‘Back to the Land,’ Really?
How does urban farming compare to rural farming in terms of land ownership, food justice, and community?
The food justice movement is an important example of how communities of color are reclaiming collective power in a society that is systematically set up to hinder their wellbeing and success. Access to nutritious food is one of the most foundational aspect to health and wellness. Through nourishing communities of color and setting up food systems that work on the borders of our capitalist society, the food justice movement is reimagining what a more sustainable economy and society could look like. However, there appears to be an urban-rural divide in strategies, both tied to food production and land access but at different scales and with different implications about points of investment. Are there opportunities to connect the two and bridge rural and urban activism around farming, food, and community?
To address food access in urban communities, many activists have turned to urban agriculture as a means to grow food and build networks. For over 100 years, we have seen examples of urban agriculture projects – from community gardens to urban farms – taking underutilized, debilitated land and transforming it into thriving urban gardens. These efforts – from Philadelphia to Chicago and San Francisco to New Orleans – have been effective means to make fresh vegetables accessible and affordable to communities of color that lack access to healthy, culturally appropriate, affordable fresh food. But what urban community gardens and farms often lack is space and secure land tenure. As blog contributor Laura Lawson’s research has found, most urban community garden programs have been opportunistic, relying on borrowed land and short-term leases, and only recently have mechanisms such as urban land trusts come into play to address long-term land security. Another challenge these urban gardens face is scale – urban lots of ⅛ to ¼ acre can be productive but are a far cry from the acreage needed to address the needed food production. Access to larger parcels is complicated by urban real estate pressures and urban planning presumptions of “higher and better use” that tend to downgrade the economic and social benefits of urban farms and gardens. Thus, while urban gardens and farms are often powerfully networked into local activism and carry a heavy weight of intended benefits, how much they can really achieve in improving quality of life remains unclear.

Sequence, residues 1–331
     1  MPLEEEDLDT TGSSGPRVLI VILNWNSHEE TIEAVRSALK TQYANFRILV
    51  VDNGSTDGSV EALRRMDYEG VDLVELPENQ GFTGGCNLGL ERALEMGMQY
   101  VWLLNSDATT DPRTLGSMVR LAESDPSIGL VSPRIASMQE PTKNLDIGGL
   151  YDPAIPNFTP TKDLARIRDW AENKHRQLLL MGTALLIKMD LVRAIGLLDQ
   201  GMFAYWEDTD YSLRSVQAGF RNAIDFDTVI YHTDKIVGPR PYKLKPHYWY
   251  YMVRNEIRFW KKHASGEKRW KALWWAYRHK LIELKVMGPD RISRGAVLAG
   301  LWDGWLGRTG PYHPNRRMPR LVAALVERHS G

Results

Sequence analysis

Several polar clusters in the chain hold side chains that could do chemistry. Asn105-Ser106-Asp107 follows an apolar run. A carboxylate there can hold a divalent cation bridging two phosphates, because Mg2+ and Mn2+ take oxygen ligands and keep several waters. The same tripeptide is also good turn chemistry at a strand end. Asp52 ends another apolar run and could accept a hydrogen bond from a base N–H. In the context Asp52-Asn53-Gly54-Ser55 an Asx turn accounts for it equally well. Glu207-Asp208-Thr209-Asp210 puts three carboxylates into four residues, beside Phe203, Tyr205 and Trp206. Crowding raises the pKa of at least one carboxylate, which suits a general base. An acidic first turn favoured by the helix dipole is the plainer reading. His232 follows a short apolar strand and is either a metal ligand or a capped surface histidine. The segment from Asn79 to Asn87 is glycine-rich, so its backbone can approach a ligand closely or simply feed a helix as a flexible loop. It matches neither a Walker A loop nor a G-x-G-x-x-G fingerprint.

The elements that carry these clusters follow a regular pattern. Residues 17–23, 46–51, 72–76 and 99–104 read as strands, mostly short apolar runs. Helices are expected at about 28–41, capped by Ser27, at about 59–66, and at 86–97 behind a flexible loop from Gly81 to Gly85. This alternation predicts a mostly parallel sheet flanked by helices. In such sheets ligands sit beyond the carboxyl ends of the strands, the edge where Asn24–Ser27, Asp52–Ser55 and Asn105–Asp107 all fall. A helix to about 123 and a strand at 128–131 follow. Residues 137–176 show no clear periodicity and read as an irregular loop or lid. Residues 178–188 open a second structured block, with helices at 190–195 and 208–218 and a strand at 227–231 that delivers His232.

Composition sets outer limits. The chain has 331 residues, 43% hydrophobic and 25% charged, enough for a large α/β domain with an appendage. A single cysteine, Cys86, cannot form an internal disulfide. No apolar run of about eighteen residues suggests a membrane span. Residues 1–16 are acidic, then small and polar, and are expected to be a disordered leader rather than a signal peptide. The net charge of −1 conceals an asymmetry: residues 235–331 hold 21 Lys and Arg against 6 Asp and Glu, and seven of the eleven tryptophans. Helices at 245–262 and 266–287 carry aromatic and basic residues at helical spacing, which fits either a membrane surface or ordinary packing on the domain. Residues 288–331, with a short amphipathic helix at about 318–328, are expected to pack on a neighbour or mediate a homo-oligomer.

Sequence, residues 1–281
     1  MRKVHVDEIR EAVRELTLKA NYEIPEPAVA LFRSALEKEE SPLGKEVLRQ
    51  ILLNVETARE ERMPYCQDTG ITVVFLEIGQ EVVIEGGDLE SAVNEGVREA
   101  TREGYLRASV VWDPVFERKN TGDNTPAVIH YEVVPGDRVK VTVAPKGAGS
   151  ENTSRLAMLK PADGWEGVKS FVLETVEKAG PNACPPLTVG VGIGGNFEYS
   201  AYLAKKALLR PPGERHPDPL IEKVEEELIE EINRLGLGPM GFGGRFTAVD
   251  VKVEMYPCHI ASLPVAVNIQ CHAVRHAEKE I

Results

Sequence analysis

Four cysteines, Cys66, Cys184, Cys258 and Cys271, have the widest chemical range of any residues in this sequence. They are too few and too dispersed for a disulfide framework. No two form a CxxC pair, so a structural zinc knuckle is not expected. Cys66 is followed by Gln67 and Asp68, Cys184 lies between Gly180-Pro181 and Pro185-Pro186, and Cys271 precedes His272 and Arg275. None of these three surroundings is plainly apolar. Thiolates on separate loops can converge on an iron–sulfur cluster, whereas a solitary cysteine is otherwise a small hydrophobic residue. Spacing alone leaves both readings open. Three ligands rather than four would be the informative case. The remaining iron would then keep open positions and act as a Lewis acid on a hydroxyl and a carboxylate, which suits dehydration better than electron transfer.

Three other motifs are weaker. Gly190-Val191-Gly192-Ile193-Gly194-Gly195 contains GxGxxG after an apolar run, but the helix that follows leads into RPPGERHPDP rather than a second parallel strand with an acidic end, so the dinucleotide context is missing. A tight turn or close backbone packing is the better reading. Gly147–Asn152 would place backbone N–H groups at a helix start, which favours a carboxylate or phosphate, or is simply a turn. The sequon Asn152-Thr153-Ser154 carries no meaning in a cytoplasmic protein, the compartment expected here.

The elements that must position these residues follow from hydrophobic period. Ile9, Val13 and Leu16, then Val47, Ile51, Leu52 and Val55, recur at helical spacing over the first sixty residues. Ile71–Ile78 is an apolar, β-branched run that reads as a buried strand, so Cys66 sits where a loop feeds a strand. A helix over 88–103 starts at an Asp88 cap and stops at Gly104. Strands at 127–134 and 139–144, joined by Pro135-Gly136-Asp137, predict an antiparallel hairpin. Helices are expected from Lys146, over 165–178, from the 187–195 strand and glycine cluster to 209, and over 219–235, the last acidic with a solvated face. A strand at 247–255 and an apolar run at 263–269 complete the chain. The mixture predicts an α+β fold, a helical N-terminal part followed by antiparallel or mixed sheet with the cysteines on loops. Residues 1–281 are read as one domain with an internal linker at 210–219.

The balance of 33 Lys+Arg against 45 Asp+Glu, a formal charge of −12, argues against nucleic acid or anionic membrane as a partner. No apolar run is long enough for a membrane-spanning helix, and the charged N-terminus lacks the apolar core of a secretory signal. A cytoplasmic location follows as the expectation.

Another option is to go to where the land is – rural communities in need of new energy and able to contribute much more in the way of agriculture as livelihood and food production. The Great Migration shifted many families from rural communities to urban ones, and now the tide had turned to “back to the land.” Such is the case described in a recent article, “Fighting Food Apartheid and Finding Freedom on a Virginia Farm,” in Ecofarm Daily. Author Leigh Glenn interviews Renard Turner, a black homesteader in Virginia and food sovereignty advocate, who describes long-term issue of urban farming in that they “don’t equate to food sovereignty and do little toward decreasing the numbers of food scarcity in inner cities.” In order to create long-term change, Turner asserts that people of color need to own land and control their own economy of food from growing to distribution. For Renard Turner, that is the path towards true food sovereignty.
Since its inception, the Cultivating Justice blog has sought to share stories of both urban and rural farmers in order to highlight the passions propelling their efforts and the challenges they face. We have heard from both rural and urban growers that cultural connection and seeking healthier lives are important factors driving their work. For both urban and rural growers, getting access to quality land can be a tricky business. Land ownership has often come up, whether it is urban farmers wanting to scale up production but not finding adequate land or rural growers concerned about the next generation picking up farming and caring for rural communities. And the need for education and training is often raised as both a rural and urban concern. People are no longer raised gardening and growing food, so the prospect of scaling up production often requires access to advanced agricultural education.
How might food sovereignty reframe the urban-rural divide into a shared concern? When it comes to food justice, how can we support connections between urban and rural food production and access? What kinds of programs might be needed to enable ambitious urban gardeners to apprentice with experienced rural farmers? What supports might they need to buy land and farm on a larger scale in the country? And how can this come back to the city to satisfy local food needs while also building power within the community?
These are questions we pose and hope to hear back from our readers, many of whom have unique perspectives to share.
-Dorothy Weiss, Princeton, NJ
– Laura Lawson, Highland Park, NJ